Inspiring women: Katie Massie-Taylor and Sarah Hesz
Following a “long slog” to get their first investor on board, this entrepreneurial duo are rapidly scaling their app business which brings mums together…
Names: Katie Massie-Taylor and Sarah Hesz
Founded: Mush in April 2016
Start-up elevator pitch: Mush is a new free app which connects mums with other mums in their local community that have kids the same age.
Funding raised: £1.25m
Follow them: @KatieMassieT @mushsarah
Who are Katie Massie-Taylor and Sarah Hesz?
Former equity derivatives broker Katie Massie-Taylor and ex-advertising exec Sarah Hesz aren’t your typical business partners.
The pair first met in a London playground three years ago and, both with two kids under the age of two at the time, shared the feeling of being “sleep deprived and incoherent” (what Massie-Taylor refers to as “brain mush”).
The two swapped numbers and became a lifeline for one another to “survive” with small kids.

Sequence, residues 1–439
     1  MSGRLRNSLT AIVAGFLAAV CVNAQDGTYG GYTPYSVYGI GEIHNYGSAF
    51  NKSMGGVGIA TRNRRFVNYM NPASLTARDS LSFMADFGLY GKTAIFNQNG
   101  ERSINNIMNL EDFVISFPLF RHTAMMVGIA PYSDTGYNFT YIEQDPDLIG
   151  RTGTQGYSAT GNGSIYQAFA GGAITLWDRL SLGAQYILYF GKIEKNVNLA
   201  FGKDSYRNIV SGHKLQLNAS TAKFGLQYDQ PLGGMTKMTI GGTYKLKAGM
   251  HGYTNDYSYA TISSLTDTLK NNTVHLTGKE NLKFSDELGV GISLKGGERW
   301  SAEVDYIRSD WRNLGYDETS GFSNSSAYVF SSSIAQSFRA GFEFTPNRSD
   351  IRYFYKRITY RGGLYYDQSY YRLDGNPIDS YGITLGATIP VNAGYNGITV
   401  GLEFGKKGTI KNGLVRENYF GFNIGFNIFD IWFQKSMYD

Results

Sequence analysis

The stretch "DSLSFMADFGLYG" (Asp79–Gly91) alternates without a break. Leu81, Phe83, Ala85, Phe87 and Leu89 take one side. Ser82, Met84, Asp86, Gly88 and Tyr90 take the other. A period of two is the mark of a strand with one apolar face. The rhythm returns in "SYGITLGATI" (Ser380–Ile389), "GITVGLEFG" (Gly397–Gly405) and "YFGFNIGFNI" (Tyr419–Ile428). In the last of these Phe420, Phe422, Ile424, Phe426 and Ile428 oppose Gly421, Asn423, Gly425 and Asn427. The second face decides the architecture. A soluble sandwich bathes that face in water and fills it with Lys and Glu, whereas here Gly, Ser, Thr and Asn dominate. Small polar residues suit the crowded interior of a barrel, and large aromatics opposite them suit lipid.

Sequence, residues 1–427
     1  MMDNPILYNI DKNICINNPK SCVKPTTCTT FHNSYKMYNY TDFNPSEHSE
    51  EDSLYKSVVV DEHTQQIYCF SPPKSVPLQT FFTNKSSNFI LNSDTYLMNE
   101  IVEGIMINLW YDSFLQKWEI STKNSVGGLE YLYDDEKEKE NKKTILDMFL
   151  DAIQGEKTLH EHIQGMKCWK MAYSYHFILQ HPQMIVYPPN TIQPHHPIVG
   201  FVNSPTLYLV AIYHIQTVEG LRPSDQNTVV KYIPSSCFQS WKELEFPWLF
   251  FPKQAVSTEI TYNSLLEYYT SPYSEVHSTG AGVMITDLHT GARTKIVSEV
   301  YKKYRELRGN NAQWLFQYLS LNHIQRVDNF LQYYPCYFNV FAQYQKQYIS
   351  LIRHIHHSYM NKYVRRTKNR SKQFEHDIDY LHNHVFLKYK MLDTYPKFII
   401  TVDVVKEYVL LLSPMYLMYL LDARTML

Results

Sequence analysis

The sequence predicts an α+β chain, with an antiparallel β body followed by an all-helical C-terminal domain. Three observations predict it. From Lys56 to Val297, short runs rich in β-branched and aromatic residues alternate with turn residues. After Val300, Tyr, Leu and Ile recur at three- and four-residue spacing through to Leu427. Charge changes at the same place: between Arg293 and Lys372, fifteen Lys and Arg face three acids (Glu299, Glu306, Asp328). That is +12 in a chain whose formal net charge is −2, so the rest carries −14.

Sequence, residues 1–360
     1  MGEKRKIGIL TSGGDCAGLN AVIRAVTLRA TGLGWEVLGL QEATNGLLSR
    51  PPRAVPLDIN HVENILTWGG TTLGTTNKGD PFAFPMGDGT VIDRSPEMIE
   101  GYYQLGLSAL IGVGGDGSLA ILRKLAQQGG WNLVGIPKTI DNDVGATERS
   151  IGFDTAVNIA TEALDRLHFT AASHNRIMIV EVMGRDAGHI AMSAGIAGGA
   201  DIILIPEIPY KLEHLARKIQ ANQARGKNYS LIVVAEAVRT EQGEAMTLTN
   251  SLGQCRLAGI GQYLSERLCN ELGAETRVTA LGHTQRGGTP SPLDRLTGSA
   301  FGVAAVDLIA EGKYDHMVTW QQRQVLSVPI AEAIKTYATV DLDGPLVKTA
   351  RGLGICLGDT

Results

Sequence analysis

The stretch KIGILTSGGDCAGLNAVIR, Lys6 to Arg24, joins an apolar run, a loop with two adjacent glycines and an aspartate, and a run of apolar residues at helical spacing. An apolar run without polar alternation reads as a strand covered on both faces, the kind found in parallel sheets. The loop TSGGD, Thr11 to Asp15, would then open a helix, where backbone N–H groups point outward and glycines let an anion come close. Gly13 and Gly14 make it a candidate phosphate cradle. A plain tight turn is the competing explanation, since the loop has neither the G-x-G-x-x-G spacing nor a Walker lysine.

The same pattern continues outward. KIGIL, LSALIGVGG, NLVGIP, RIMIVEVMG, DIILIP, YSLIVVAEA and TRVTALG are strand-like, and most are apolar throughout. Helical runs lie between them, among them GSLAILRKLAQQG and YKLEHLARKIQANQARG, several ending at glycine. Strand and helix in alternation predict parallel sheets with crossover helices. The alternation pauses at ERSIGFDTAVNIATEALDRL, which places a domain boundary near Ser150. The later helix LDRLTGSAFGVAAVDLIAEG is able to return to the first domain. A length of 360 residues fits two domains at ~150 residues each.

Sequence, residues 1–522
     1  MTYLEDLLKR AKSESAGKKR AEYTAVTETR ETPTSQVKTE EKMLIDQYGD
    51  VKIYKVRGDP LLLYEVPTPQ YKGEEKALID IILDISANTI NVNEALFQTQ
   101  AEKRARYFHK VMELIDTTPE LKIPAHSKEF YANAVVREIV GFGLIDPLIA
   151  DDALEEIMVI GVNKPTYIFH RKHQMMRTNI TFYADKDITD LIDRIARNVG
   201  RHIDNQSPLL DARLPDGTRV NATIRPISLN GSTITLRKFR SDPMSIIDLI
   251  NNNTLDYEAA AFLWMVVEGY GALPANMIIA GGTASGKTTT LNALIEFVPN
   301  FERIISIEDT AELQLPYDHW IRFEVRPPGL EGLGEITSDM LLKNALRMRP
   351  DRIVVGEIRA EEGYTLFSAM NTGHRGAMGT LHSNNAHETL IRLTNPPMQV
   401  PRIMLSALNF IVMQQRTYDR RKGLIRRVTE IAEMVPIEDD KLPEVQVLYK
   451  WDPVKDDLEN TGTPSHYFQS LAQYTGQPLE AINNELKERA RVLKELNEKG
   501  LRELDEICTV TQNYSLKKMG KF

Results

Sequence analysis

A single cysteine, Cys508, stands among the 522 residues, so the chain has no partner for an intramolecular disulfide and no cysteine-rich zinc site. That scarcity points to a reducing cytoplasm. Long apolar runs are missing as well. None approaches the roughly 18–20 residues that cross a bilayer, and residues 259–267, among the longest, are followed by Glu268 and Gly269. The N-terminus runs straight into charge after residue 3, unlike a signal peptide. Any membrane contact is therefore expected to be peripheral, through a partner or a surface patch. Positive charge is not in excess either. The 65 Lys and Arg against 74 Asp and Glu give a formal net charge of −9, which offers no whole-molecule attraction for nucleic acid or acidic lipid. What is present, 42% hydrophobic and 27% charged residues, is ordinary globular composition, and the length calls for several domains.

Months later, the duo reflected on their chance friendship and realised how hard it would have been without having the other there to lend support; this provided the lightbulb moment for Mush. As Massie-Taylor asserts “in an era so well serviced with mobile technology connecting people, there should be an app to bring mums together.”
Launched in April last year, London-based Mush has been on a growth ascent with its user base and staff numbers quadrupling in the last six months. A successful trial in Australia, and roll-out to Canada and America is also in the pipeline.
How have they won over investors?
With no contacts in the investment space and needing to raise money at the concept stage, Massie-Taylor admits it was a “long slog to get the first person on board” but says the “rest quickly followed”.
The pair first raised a £250,000 seed round which was helped by social impact fund Mustard Seed, alongside SEIS and friends and family who “were instrumental”. However, this seed money only lasted six months and so, in November 2016, Hesz and Massie-Taylor turned to the crowd and were successful in closing a £1m Crowdcube round.
What advice do the pair have for emerging female founders in need of funding?
“Research SEIS back to front, and tap into the networks that take advantage of it. Also, don’t be afraid to knock on the doors of people who have done things you are trying to do.”